Scott Bass
Director, Marketing & Communications
Talent and Technology Solutions
CDI Corporation

Employment Situation (U.S.)

According to the Bureau of Labor Statistics, nonfarm payroll employment advanced by 255,000 last month which included hiring in financial activities, and professional and business services. Both the number of unemployed persons and the unemployment rate remained unchanged, despite predictions otherwise. Forecasted to fall to 4.8 percent, the unemployment rate held at 4.9 percent for July.

Ahead of the job report, economists surveyed by Reuters expected a rise in nonfarm payrolls of just 180,000, reported Fortune magazine. Although the July numbers were down slightly from the June employment jump of 287,000, the rise was still well above the monthly average of employment gains for the first half of the year, which stood at 171,500.

The sector with the most robust growth last month was professional and business services, posting an increase of 70,000 jobs. That brings added jobs to 550,000 within the past year. Within the sector, professional and technical services grew by 37,000 positions. Computer systems design and related services added 8,000 roles, while architectural and engineering services also posted 7,000 jobs. Management and technical consulting services continued edging up, adding 6,000 jobs.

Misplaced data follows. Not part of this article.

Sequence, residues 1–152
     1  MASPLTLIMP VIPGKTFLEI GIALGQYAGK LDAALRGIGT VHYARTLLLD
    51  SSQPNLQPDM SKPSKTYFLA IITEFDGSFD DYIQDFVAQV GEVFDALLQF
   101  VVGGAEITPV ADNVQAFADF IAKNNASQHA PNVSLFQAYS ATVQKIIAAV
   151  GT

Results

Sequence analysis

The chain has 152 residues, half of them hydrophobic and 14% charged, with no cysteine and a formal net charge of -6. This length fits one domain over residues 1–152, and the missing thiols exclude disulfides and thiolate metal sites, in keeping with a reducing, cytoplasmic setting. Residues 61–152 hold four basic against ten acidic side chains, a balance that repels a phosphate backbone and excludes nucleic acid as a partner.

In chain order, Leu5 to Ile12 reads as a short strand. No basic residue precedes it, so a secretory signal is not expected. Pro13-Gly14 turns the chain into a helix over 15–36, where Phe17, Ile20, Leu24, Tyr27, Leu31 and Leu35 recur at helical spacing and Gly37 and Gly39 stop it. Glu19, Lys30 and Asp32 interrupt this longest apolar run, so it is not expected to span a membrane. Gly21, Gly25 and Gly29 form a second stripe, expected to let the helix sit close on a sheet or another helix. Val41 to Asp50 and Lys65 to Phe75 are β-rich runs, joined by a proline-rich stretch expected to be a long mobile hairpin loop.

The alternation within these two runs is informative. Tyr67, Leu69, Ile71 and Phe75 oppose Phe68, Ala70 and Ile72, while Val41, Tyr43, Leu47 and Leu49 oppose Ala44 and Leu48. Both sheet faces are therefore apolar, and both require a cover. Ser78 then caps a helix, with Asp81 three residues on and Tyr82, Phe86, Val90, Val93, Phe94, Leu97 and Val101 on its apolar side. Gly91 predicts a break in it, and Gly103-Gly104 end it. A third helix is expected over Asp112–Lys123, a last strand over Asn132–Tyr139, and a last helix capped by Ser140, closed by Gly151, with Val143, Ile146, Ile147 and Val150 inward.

Employment in government added 38,000 jobs, as did financial activities which added 18,000 roles. Mining continued its downward trend, losing 6,000 jobs.

Other major industries including construction, manufacturing, wholesale trade, retail trade and information remained relatively unchanged throughout the month.

Private nonfarm payroll earnings on average increased by 8 cents per hour in July, according to the BLS report. Marking a 2.6 percent rise in hourly earnings over the year, it brought the hourly median earnings to $25.69. Private-sector production and nonsupervisory employees saw hourly earnings increase by 7 cents to $21.59. “As the labor market continues to tighten, I think we will see wage growth further accelerate,” Gus Faucher, deputy chief economist at PNC Financial Services Group in Pittsburgh, told Fortune. “Consumers are driving economic growth right now and one of the reasons is that wage growth has gotten a bit stronger.”

Though the average workweek for manufacturing employees held steady at 40.7 hours last month, overtime increased 0.1 hour to 3.3 hours. Meanwhile, private nonfarm payroll employees saw a decrease of 0.1 hour, bringing the average workweek down to 34.5 hours.